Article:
Discovery taps prexy of networks

Range of channels, push into VOD woo Miramax vet

Discovery Channel and its sister networks in the U.S. have gone showbiz for the post of president of Discovery Networks, U.S., signing Billy Campbell, former prexy of Miramax TV.

Campbell said he can’t wait to start work on the massive volume of reality programming that floods the schedules of Discovery and its 11 siblings.

“I whetted my appetite for real-life/real-world programming with ‘Project Greenlight,'” he said, referring to the Miramax series that grabbed the attention of the industry when HBO ran it earlier this year.

Behind the scenes

“Greenlight,” a 12-episode half-hour series, delved into the making of an indie film for Miramax by a first-time director, chosen from a script submitted as part of a contest sponsored by Miramax and its partners in the project, Ben Affleck, Matt Damon and Chris Moore.

Campbell said that, after his resignation from Miramax, Discovery tracked him down through a headhunter, inviting him to meet with the chiefs of the various Discovery divisions in Bethesda, Md.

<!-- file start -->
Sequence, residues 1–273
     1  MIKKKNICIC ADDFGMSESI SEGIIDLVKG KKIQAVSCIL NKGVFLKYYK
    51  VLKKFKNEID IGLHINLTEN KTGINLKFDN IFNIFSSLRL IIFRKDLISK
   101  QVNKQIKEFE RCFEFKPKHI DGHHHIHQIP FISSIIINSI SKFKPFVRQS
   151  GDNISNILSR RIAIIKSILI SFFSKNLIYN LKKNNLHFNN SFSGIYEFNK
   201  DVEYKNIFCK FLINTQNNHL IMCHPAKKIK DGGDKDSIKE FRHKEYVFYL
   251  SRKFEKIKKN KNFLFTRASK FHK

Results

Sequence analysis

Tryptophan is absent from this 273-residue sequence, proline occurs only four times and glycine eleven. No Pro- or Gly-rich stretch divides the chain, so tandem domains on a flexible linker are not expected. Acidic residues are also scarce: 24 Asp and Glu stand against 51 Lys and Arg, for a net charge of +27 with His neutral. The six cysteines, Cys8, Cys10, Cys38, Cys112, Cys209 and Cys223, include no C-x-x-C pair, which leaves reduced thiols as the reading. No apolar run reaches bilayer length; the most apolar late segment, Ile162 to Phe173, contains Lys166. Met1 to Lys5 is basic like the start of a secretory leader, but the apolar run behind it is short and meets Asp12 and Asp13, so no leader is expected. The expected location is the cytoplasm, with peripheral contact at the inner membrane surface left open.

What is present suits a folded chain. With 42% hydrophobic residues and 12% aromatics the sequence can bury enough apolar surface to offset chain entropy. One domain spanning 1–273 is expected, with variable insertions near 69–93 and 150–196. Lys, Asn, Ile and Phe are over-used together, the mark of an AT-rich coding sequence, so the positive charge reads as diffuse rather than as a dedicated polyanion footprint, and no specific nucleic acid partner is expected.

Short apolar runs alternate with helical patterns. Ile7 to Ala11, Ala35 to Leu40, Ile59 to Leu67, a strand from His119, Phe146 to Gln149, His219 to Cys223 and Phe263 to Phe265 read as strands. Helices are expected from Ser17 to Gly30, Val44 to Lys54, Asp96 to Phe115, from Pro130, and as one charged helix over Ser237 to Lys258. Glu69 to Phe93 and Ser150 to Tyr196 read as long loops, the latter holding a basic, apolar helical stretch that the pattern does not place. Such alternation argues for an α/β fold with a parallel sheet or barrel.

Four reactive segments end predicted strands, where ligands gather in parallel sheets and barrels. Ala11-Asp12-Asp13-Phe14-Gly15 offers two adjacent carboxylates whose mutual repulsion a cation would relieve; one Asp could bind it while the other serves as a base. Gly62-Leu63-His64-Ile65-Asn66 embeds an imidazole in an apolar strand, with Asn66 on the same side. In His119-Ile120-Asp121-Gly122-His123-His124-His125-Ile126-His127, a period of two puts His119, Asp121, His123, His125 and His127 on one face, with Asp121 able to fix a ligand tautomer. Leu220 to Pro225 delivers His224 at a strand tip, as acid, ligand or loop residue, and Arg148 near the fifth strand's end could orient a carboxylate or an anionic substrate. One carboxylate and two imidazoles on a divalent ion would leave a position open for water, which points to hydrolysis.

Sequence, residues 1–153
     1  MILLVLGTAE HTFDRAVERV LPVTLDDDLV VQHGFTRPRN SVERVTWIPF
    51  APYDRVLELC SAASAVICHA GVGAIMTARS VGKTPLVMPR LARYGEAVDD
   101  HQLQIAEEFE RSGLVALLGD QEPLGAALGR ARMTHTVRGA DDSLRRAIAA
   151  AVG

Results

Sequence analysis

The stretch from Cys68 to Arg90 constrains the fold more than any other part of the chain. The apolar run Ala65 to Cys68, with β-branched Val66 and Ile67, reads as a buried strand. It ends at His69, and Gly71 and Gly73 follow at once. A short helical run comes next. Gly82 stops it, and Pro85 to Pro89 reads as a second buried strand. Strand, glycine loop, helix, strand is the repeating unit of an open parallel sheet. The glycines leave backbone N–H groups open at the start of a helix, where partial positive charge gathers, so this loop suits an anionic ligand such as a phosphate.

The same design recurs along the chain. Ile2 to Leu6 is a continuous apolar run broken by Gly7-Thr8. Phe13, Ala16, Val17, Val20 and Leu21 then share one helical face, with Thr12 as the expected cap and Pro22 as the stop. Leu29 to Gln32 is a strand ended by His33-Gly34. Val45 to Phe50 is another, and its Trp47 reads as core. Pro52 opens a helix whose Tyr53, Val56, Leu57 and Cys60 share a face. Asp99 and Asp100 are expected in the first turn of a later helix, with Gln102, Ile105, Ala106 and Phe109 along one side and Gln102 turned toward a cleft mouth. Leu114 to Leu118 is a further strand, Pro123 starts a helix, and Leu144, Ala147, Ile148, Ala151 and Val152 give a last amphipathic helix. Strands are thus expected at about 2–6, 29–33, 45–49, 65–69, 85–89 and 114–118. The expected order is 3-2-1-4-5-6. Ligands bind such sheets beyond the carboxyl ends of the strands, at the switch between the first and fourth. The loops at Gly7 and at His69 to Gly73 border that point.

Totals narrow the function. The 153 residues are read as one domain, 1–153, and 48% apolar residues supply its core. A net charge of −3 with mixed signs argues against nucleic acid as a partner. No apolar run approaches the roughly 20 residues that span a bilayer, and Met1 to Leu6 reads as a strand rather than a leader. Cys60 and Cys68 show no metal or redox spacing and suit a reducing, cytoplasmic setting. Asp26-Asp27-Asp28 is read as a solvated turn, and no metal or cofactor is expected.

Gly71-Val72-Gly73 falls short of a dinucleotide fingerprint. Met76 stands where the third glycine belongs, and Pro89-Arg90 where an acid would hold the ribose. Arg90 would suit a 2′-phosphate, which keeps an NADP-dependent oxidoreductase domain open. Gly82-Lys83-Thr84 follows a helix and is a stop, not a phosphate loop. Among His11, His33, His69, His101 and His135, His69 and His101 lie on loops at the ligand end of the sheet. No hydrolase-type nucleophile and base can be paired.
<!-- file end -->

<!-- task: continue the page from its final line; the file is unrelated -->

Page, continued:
Two elements bowled him over, Campbell said, and made taking the Discovery job an easy decision:

  • The range of U.S. networks he’ll get involved in, from the Learning Channel and Animal Planet to Travel Channel and Discovery Health.

  • The push by the company to expand into video-on-demand services for its most popular documentaries and into a digital network made up exclusively of Discovery programming filmed in high-definition video.

Small-screen experience

At Miramax TV, Campbell presided over “Wasteland” on ABC and “Glory Days” on the WB, two series produced by Kevin Williamson (“Dawson’s Creek”). Campbell also shepherded an animated half-hour series based on Kevin Smith’s indie film “Clerks.” The series flopped on ABC but scored in DVD and videocassette. Campbell’s last Miramax project is the forthcoming ABC mini “A Wrinkle in Time,” based on the book by Madeline L’Engle.

Before he joined Miramax in 1998, Campbell was executive VP of CBS Entertainment, focusing on new-program development. Earlier, he was senior VP of drama development for Warner Bros. TV. He started his career as an analyst of mergers and acquisitions at Smith Barney.